Bing N. Sun had no plans to launch a telecommunications company when he arrived in the United States 25 years ago. Rather, Sun was a scientist who had spent years studying physics, materials science and engineering in his homeland of China and in Europe.
Sun graduated from Beijing University when he was 19 years old. He earned a master’s degree in physics and a Ph.D. in materials science and engineering at the University of Marseilles in just four years at the age of 24. Before going to France, he spent nine months learning French at Beijing University of Languages and spent another three months in the French classes at the university before entering school.
“I usually worked in the lab until two or three in the morning every day,” Sun recalls. “But when I finally finished my thesis, I ended up in the hospital from exhaustion and a bleeding stomach.”
Following his release from the hospital, Sun left France and moved to Geneva, where he pursued scientific study of high-temperature superconductivity at the Swiss National Science Foundation and University of Geneva. Two years later, he accepted a new position at State University of New York at Buffalo. Then, prior to founding Scitec Inc. in 1993, Sun returned to his scientific field of materials research, serving as a research scientist at the Beckman Institute for Advanced Science and Technology at the University of Illinois at Urbana-Champaign.
After years of seeking funding for his research, Sun hit a plateau in the field and believed there was no future for him in scientific research. Instead, he decided to pursue business and began a career as a consultant, he says.
“I didn’t have millions to start a business, so I went into the consulting business to sell knowledge,” Sun says.
His next move was to found Scitec Inc., a custom manufacturing and consulting company, and listened to industry-leading companies to find out what products and services were in highest demand.
“I didn’t expect to develop a telephone,” he says.
Sun recognized a growing market for low-cost hotel phones. As a result, he implemented a plan to design, manufacture and market phones, and Scitec launched its first telephone under the Aegis brand name in 1995. The company later released an economy version of the phone hoping to expand its marketshare.
“I found there was a big demand for telephones,” Sun says. Specifically, the demand was coming from hotels and motels, which were seeking more reliable telephones at a lower cost, he says. But Sun had more ambitious goals than providing sturdier, less-expensive telephones for hotel rooms. “Our goal was to capture all aspects of the lodging industry, so we released two new wall-mountable phones especially designed for bathrooms, hallways and hotel lobbies, among other public areas,” Sun says.
Reaching New Markets
Today, Sun is the CEO of Cetis, a leading global telecommunications business that has provided more than 30 million hotel phones at more than 150,000 locations around the world. Cetis was formed through a 2006 merger of Scitec; TeleMatrix, a leading competitor; and the acquisition of Teledex LLC, a designer and manufacturer of a broad range of analog and VoIP hotel phones.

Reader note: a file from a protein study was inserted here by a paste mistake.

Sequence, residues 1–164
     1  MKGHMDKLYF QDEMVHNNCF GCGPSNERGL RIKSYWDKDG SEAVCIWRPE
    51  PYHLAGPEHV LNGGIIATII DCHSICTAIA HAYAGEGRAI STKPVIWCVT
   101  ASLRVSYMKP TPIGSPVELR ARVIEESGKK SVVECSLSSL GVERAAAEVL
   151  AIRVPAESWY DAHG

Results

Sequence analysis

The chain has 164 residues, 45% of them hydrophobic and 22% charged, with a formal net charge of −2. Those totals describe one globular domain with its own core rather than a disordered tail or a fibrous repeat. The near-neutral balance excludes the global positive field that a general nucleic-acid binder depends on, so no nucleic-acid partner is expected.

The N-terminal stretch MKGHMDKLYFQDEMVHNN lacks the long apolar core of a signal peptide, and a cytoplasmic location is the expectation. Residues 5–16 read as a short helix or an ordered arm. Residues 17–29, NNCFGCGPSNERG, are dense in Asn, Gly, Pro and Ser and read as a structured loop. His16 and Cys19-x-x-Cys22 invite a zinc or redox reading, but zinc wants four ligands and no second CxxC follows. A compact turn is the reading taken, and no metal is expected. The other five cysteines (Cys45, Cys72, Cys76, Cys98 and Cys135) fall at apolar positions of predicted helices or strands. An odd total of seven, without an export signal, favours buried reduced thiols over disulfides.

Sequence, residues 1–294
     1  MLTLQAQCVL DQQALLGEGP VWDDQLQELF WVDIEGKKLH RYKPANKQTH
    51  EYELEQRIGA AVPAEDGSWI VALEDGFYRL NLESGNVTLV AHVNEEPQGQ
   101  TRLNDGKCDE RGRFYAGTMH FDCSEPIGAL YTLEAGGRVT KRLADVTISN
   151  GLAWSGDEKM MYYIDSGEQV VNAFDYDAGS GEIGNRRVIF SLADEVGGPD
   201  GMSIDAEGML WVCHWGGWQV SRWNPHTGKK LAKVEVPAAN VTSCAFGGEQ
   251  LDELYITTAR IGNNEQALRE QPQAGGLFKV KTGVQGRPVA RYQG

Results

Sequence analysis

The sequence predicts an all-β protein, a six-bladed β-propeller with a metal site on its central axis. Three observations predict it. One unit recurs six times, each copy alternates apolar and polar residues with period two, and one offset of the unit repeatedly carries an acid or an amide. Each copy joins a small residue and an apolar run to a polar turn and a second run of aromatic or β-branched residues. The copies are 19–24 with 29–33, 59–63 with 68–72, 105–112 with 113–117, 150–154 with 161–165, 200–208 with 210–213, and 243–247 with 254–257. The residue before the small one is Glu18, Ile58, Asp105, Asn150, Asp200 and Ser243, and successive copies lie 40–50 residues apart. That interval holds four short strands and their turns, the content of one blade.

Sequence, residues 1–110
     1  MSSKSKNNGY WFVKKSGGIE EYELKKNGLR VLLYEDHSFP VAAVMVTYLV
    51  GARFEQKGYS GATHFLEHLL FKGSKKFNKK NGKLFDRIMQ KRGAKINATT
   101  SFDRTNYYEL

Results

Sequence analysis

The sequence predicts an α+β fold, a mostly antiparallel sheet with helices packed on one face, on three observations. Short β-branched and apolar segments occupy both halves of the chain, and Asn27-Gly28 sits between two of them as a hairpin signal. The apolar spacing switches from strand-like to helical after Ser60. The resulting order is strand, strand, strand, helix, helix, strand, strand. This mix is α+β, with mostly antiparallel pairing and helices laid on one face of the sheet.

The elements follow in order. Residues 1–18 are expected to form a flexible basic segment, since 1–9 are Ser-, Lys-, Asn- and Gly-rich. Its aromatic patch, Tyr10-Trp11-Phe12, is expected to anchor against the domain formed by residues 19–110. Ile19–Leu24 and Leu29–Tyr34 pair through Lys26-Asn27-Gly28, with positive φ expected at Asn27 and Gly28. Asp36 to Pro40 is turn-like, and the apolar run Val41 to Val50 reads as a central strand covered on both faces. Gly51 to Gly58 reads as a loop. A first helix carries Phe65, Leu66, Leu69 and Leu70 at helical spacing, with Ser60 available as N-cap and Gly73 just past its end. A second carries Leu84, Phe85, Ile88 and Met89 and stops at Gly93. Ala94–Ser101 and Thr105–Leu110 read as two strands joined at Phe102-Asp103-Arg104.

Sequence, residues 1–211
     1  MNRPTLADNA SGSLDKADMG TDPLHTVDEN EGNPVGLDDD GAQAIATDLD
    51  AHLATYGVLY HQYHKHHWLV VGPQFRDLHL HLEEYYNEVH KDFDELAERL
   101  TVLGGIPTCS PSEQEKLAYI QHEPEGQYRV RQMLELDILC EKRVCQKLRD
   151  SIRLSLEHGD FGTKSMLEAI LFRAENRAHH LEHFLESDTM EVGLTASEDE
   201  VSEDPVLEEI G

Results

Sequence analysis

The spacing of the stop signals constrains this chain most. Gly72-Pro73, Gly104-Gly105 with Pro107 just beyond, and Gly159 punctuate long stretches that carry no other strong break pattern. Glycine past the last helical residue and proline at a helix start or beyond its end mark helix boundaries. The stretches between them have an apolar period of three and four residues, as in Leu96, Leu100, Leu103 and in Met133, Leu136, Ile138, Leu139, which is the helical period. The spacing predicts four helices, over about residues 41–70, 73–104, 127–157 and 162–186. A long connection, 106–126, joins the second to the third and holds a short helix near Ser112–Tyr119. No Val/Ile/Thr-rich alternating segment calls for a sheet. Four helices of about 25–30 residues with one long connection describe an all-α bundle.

“We consolidated three companies,” Sun explains. The Colorado Springs-based company maintains offices in Champaign, Ill., the United Kingdom, Beijing, Malaysia, Dubai and Mumbai.
In 2000, the company launched the Aegis 600 Series hotel phones with patented voice/data technologies. It also introduced patient room telephones for the healthcare industry. The phone’s extremely low cost gave healthcare facilities the option of disposing of the phones rather than cleaning them to help reduce patient contamination risks.
Cetis has experienced significant growth over the past decade and has expanded into new markets including government, education, residential and office.
“It was a natural expansion,” Sun says. “Those markets are looking for something easy to use and reliable.”
Sun owes much of his success to the experiences of his childhood. The son of a rice farmer, he grew up in a small rural village in China. He recalls having little to eat and working in the rice fields when he was 8 years old.
“We had no heat in the winter, so in late fall I put on my winter clothing and studied by candle light in an effort to learn and excel to a level so that I could leave the challenges of that life through education,” Sun says. “I faced many obstacles including rejection by one of my first grade teachers, who informed the class that I was incapable of learning, and subsequently burned my schoolbooks on the class grounds.”
But instead of accepting what the teacher said of him and giving up, Sun was determined to prove that the teacher was wrong, and that by studying very hard and believing that nothing is impossible, he would not have to accept failure.
“His father advised him to study hard if he did not want to follow in the same footsteps in the rice fields, and he listened,” say John Grubb, senior vice president of marketing. As a result, Sun developed a work ethic that he carries with him to this day and openly shares with others, he notes.